It’s only fitting for sports betting in Nevada to push the legal US market beyond a significant post-PASPA benchmark.
More than $25 billion has been legally bet on sports in the US since June 2018, the first full month following the end of PASPA. Nevada tipped the scale beyond $25 billion with $475 million in handle in August.
For decades, Nevada was the only destination to place a legal sports wager in the United States. Just more than two years later, Nevada took second to New Jersey during an August with an unusually robust sports calendar.
New Jersey’s dominance in August was largely because of its mobile share. More than 90% of all of August’s record $668 million NJ sports betting handle came via online.
Nevada sports betting accounted for most of record
Even though Nevada ranked behind New Jersey for August, the sports betting OG is still the clubhouse leader for handle since June 2018.
August brought Nevada’s handle over that period past $10 billion. The Silver State also leads in terms of sports betting revenue with more than $600 million. New Jersey ranks second in both with $7.7 billion in handle and $532 million in revenue.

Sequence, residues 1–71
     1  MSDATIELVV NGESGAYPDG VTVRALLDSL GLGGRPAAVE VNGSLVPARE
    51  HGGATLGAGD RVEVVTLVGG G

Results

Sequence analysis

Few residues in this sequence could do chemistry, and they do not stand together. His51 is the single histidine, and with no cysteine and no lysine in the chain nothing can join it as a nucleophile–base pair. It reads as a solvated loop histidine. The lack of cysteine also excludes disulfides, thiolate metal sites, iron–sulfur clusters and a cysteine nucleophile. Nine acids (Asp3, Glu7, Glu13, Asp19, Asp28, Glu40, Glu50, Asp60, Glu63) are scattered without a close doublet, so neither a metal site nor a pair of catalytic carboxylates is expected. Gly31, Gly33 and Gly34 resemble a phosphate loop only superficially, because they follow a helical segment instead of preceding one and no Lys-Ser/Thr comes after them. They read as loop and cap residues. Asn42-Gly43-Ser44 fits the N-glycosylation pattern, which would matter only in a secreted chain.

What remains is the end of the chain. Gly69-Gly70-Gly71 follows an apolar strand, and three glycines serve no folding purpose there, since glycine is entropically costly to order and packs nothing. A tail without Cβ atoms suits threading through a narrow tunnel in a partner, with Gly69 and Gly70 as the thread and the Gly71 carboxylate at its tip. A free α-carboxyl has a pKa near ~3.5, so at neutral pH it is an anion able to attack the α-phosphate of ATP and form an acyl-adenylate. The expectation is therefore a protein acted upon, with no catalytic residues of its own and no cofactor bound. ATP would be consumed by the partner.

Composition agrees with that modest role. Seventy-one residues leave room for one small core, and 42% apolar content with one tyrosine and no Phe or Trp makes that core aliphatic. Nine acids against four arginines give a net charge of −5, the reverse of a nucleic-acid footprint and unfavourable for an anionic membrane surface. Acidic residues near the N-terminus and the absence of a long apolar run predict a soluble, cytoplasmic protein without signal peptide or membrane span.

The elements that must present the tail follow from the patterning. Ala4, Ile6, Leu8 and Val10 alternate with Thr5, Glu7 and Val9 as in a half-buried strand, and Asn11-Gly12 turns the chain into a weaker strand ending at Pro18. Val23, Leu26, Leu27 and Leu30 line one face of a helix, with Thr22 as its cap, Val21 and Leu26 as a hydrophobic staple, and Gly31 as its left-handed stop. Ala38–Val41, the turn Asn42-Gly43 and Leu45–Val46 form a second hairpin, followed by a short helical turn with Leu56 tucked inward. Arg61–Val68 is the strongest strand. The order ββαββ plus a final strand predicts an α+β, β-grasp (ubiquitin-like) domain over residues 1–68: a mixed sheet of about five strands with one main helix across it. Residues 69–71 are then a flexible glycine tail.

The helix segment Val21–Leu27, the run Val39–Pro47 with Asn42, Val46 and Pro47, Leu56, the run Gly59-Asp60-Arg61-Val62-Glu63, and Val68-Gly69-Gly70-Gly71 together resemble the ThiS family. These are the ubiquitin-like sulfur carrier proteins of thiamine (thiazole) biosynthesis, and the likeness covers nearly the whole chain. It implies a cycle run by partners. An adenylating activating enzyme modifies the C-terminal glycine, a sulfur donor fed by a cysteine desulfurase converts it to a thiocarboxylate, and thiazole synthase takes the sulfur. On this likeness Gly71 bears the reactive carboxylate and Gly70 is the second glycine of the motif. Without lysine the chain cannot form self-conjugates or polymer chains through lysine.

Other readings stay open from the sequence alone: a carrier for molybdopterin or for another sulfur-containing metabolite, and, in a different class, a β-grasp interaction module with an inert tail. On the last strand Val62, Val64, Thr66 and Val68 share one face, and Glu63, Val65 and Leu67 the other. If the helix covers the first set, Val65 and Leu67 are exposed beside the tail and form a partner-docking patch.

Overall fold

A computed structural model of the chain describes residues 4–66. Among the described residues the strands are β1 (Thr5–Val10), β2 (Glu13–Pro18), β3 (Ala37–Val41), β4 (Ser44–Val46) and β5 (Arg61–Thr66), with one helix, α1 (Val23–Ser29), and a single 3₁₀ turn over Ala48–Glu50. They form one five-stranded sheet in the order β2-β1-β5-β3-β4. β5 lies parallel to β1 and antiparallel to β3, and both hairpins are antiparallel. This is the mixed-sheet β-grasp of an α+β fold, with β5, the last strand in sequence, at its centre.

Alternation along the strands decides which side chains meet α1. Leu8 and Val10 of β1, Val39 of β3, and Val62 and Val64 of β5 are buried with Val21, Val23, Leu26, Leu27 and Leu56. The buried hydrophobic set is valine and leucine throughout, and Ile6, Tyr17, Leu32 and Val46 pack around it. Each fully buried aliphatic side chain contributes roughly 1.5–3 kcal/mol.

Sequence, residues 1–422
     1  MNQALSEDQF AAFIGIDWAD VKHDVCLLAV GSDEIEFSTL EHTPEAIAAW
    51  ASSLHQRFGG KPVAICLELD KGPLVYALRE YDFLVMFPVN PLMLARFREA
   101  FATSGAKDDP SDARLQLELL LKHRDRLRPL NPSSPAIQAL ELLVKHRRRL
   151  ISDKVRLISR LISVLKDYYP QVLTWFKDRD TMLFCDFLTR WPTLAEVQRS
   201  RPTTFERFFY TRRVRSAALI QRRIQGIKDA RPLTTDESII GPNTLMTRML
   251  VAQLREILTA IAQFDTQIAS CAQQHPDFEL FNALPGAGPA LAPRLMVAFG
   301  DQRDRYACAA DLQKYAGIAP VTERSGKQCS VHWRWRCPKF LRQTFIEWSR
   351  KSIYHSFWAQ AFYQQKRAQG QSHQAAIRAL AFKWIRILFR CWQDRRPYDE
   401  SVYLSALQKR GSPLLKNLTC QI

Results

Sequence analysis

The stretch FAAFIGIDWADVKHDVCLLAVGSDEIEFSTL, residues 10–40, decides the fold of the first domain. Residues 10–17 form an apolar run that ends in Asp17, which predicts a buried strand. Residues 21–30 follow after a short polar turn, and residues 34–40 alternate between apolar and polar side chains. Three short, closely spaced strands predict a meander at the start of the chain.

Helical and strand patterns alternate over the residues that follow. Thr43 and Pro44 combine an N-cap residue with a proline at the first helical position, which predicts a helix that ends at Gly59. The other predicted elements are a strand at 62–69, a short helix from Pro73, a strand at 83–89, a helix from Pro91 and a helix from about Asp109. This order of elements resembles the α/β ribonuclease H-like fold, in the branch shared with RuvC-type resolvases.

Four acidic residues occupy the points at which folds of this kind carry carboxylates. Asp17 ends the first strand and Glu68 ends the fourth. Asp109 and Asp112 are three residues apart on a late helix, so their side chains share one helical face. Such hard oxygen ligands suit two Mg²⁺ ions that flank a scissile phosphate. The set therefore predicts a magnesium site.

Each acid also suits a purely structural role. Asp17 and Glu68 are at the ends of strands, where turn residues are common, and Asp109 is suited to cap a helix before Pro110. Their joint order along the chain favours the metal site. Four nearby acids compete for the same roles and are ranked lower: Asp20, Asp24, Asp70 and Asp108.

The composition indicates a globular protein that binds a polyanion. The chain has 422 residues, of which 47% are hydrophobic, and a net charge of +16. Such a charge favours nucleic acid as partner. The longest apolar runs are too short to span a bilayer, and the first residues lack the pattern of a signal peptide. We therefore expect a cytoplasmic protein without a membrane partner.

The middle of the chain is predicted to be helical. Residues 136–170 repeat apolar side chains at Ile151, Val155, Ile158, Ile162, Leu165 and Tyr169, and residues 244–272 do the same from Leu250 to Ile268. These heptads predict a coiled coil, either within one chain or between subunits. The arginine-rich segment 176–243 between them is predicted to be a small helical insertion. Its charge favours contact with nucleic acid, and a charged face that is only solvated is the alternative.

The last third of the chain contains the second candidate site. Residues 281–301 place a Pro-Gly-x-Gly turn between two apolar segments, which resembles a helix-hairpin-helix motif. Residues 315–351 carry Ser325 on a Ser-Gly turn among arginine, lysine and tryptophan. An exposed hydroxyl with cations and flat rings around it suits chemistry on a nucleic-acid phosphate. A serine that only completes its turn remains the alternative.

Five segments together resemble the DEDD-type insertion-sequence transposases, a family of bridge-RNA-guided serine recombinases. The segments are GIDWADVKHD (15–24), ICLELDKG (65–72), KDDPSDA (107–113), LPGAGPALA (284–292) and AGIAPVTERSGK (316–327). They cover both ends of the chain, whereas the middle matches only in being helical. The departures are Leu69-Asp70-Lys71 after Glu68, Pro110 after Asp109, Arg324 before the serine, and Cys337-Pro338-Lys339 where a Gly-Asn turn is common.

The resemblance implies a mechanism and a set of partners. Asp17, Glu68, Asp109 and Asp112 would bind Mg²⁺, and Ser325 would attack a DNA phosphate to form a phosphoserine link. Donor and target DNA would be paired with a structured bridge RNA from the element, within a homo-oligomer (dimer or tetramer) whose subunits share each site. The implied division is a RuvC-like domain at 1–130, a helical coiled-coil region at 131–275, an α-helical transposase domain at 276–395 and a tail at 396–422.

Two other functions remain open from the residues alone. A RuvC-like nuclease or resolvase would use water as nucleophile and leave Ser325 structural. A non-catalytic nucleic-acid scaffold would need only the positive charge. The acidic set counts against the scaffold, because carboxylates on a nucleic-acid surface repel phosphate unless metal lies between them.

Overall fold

The Pennsylvania sports betting market takes bronze with $2.7 billion in handle. Indiana is the only other sports betting market to top the $1 billion mark since then.
It will be an interesting race between two new sports betting markets to see who crosses the $1 billion mark next. Sports betting in Colorado is off to a hot start, but Illinois sports betting got an unexpected boost from remote registration.
Results normalizing in NV
It’s been a rocky few months for Nevada, but it looks like sports betting is starting to level out.
The state’s lack of remote registration meant many sportsbook operators couldn’t take on new customers during casino shutdowns from the coronavirus pandemic. That – and a serious lack of sports – led to five straight months with handle below $200 million.
August’s total handle was more than March through July‘s handle combined, though. Basketball accounted for $193.9 million in bets while baseball had $175.2 million in handle. Both of those totals are higher than any single month over that period.
The other category, which accounted for nearly every sport available during the pandemic, accounted for $51.2 million in bets. That’s down from $80.3 million in July
September will present the first post-shutdown month with NFL betting, which should provide a major boost.